But are motorcycle accidents really a sole consequence of non-wearing of helmets that the government has come up with the Helmet law for these types of population?
How about the groups or population that intentionally modifies the anatomy or structures of motorcycles for the sake of style or aesthetic purposes?
There are male patients of the same surgical ward where Sol has been confined who also had had motorcycle accidents. Most of them confessed that prior to the accident, they had modified the safety features and over accessorized their motorcycle to project a “macho” image.
Such modifications, they shared, include removing side mirrors, changing their default tires to something more “hip” and “in” by preferring thin tires over the traditional thick tires that are not so pleasing to the eyes.
These men, mostly between late teens to mid-30’s, had all preferred art over safety.
Other groups that the government may want to look into are those that engage in high-risk behaviors like engagement in dangerous drag races or exhibitionism to gain social attention or approval not minding the eminent danger that waits before reaching the finish line.
In 2010, a group of researchers from the De La Salle University in Manila did a study on the assessment of motorcycle accident causes in the Philippines.
The said study attempted to determine the separate and interactive effects of environment and driver-dependent factors such as age, helmet usage, risk taking behaviors, day, time and month of the accident, junction type, movement, road character, surface condition, weather, traffic sector, and lighting conditions in predicting motorcycle accidents. These information were gathered from 186 motorcycle users.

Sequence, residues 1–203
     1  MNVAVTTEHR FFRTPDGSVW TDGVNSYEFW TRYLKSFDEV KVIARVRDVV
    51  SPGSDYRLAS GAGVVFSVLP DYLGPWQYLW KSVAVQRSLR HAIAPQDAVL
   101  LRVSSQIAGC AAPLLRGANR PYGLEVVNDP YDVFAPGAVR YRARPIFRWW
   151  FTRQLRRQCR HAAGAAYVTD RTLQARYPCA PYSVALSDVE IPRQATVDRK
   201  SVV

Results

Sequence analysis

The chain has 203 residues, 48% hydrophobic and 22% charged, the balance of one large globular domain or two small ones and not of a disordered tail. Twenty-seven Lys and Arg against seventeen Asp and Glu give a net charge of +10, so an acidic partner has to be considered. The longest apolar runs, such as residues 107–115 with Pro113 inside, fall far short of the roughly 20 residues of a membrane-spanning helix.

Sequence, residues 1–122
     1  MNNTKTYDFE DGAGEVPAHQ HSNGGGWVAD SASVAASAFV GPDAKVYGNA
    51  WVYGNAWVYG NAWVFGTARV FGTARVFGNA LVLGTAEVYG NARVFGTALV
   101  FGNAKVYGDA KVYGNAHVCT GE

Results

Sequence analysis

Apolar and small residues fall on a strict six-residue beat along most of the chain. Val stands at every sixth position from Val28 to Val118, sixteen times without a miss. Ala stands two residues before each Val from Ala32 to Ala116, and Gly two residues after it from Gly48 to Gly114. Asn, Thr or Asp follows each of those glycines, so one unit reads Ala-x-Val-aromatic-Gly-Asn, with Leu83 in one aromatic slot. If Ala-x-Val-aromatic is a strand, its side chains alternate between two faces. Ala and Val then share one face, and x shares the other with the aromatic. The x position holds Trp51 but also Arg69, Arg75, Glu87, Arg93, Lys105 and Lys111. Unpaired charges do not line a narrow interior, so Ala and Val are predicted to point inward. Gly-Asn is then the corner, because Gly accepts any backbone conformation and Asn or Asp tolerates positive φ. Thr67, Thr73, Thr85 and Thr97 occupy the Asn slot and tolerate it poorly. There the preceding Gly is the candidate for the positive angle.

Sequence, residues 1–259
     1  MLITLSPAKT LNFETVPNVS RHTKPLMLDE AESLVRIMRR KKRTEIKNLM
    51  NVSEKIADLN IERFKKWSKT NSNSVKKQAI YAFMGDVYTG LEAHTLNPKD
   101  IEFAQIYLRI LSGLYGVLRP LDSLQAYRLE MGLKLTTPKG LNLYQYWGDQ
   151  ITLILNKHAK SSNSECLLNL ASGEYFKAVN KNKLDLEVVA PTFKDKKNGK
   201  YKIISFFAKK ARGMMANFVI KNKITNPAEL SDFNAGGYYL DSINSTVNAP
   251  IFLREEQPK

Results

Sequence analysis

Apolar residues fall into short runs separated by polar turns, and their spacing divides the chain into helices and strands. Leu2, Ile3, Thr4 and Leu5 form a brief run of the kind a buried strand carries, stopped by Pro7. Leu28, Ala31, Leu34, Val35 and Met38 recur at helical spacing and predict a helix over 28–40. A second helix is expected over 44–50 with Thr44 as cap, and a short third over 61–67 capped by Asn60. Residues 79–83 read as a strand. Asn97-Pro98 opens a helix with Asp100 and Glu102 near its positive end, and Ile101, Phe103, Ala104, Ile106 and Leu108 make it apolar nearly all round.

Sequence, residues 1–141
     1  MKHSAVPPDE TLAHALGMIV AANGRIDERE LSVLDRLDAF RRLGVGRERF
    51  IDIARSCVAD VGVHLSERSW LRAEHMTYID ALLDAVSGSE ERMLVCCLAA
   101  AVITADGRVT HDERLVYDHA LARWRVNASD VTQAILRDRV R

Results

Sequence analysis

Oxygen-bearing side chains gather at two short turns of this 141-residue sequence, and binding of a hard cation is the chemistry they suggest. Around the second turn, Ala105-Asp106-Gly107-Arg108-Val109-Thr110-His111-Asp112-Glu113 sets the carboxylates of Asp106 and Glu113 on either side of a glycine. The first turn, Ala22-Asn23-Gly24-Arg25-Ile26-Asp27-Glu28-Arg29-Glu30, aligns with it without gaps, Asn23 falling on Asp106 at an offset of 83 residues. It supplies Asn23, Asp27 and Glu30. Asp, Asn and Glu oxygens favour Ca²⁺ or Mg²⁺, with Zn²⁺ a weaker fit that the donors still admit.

The results revealed the following: (1) young drivers have higher tendency for risky behaviors because the young is an inexperienced driver and has full of energy and are always involved in speed driving; (2) when there is heavy rain, there is less chances of having an accident because drivers typically slow down their driving because of the slippery road compared to a fair weather; (3) accidents are three times likely to occur on T-junctions because a turning driver usually fails to see an approaching motorcycle or to adequately judge the time available to cross the junction because motorcycles are less conspicuous and (4) drivers are more likely to be involved in accidents in non-junctions because drivers tend to accelerate and exhibit aggressive driving.
After an accident, a patient and his loved-one would spend thousands of pesos to cover health care expenses like daily medicines, rent for the medical equipment use and diagnostic exams and professional fees for the health care providers.
Somehow after knowing these facts, one may come to reflect whether that Helmet Law is enough to really save the many “Sols” out there?
To date, Sol is still under coma. But her family and loved ones brim with optimism that one day she will awaken from her bitter sleep-like state and move on with her life carrying the wisdom of her unfortunate experience.
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Published in the Sun.Star Cagayan de Oro newspaper on August 07, 2012.